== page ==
Even when a VC firm enters and the company still fails, it is likely that many employees will have had a paycheck for a longer period of time than if the company simply went belly up.  Your party has become blinded with jealousy and an entitlement attitude.  Demonizing successful people does not help poor people.  If you want to succeed in your personal life or as a society, I suggest that you be willing to learn from people who have already succeeded.

    • FreeDem

      This diary has gotten a lot of attention and some hot comments.

      I’ll say this. I don’t think what Booker said was over the line or un-representative of the Democratic Party’s values.

      Booker was making a fair point, that Bain Capital is a legitimate business making legitimate business decisions.

      That does not mean that Romney has the experience to lead this country.

      Bain Capital made profitable business decisions. And that was their role in this economy. Romney is trying to convince the country that his experience with Bain Capital helps him understand how to be President. The Obama campaign, rightfully so, is pointing out that there is more to leadership than the bottom line. There has to be a regard for the common good.

      Booker was making the same point. Many people can be perfectly good businessmen, venture capitalists, and the like. They can still be good people. They can make a profit. They may even make business decisions, focused on the bottom line, that cause job losses and the pains of communities. But that is there role in the economy. That does not make them evil.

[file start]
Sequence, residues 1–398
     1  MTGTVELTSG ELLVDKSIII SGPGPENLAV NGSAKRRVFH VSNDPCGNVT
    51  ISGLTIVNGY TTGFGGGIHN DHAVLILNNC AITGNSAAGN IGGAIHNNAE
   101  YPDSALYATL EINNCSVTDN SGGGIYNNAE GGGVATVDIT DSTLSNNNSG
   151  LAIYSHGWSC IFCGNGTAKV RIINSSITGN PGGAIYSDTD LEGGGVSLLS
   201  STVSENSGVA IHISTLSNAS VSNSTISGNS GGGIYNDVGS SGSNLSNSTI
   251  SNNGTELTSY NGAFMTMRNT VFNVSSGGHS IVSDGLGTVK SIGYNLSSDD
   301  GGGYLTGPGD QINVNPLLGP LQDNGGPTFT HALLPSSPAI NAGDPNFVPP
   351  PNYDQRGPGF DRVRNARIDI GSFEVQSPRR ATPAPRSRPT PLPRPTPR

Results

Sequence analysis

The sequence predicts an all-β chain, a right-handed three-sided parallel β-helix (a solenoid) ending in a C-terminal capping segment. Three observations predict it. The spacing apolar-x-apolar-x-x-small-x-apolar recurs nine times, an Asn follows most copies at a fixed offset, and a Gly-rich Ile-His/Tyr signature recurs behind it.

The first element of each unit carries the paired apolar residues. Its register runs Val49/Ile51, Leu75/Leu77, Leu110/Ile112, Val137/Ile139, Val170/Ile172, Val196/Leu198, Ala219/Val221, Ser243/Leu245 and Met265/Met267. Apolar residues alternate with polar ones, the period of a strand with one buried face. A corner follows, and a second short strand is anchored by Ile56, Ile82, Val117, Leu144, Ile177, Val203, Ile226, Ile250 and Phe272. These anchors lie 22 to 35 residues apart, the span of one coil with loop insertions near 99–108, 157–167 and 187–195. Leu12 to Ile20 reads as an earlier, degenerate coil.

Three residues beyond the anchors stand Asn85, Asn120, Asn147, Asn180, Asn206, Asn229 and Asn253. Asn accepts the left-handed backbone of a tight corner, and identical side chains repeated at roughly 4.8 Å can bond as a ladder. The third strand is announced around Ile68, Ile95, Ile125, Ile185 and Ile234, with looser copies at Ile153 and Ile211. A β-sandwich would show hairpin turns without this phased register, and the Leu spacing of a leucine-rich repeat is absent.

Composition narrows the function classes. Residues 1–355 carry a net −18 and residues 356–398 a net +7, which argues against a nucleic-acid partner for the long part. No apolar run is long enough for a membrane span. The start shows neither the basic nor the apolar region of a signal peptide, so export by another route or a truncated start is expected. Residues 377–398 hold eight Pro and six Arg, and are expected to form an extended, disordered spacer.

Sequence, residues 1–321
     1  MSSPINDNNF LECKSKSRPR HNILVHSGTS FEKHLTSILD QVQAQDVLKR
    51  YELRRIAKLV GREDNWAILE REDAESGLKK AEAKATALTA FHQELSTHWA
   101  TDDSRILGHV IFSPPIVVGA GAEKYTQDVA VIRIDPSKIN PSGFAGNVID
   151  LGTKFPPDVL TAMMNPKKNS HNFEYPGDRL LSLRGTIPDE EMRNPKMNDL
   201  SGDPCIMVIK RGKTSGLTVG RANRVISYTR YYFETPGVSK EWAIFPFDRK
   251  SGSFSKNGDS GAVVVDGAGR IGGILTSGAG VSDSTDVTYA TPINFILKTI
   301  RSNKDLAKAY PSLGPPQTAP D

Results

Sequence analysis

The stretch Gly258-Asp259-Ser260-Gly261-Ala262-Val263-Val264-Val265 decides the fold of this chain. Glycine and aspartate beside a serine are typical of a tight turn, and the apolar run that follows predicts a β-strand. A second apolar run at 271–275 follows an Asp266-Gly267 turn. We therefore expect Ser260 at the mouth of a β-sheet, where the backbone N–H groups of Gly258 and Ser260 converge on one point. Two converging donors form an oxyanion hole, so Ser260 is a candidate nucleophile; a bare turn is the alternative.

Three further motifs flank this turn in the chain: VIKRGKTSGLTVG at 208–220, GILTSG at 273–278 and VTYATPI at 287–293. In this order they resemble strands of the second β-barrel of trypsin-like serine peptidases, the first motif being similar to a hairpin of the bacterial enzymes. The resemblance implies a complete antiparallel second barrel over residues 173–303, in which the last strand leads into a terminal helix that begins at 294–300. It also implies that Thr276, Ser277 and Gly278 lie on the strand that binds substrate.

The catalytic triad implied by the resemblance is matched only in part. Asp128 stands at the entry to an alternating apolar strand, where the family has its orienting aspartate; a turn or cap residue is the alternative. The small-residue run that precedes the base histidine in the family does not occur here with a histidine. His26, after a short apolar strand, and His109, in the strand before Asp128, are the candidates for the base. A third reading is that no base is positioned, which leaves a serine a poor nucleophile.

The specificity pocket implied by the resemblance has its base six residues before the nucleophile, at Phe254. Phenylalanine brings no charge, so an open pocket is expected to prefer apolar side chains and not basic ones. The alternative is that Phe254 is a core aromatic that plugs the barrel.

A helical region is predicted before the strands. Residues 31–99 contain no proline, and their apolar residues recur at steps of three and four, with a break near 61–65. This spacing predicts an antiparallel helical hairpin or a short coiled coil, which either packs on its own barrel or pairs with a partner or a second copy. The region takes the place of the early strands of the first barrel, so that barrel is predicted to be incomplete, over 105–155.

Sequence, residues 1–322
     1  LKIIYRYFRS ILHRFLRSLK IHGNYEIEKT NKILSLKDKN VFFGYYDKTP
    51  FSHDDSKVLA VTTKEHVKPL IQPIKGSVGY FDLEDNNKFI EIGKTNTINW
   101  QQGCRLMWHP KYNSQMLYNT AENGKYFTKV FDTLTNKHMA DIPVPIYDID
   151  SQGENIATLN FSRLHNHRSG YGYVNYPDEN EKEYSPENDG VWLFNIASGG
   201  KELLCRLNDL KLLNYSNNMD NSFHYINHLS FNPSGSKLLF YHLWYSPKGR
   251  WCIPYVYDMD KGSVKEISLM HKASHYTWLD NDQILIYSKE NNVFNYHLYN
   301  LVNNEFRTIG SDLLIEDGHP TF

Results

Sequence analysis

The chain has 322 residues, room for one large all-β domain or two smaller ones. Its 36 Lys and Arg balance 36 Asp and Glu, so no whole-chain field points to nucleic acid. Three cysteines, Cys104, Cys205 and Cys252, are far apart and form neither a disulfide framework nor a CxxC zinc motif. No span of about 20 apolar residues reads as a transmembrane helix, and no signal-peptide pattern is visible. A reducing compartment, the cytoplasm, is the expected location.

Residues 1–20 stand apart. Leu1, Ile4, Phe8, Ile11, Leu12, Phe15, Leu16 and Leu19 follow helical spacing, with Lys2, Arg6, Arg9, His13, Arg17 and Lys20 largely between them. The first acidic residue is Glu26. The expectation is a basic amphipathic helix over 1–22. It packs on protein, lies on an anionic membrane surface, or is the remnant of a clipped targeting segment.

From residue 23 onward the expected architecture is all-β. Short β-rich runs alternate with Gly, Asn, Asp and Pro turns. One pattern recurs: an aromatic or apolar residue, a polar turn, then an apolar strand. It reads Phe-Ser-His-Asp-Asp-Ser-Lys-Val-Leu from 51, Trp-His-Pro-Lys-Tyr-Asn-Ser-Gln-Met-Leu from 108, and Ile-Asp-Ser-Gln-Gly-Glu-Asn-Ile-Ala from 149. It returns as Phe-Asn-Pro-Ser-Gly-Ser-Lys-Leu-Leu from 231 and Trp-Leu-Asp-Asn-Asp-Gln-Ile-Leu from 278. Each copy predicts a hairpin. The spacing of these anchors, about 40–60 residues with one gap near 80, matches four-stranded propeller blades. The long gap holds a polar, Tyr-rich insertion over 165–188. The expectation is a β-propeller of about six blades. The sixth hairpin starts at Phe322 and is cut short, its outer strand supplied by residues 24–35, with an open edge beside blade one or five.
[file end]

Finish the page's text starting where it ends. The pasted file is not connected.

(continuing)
But right now only one of them, Mitt Romney, is running for the President. And he’s trying to convince the country he has the experience to lead this great nation. And he is deeply, deeply wrong.

    • loudoun independent

      How anybody who supports private enterprise is automatically castigated, or how quickly young, intelligent, and by all account great leaders like Cory Booker are thrown into the dustheap for not being hypocritical and refusing to fall in line with hard-left orthodoxy.

      You know what ticket I’d rather see than Obama or Romney? How about Lugar/Booker 2012.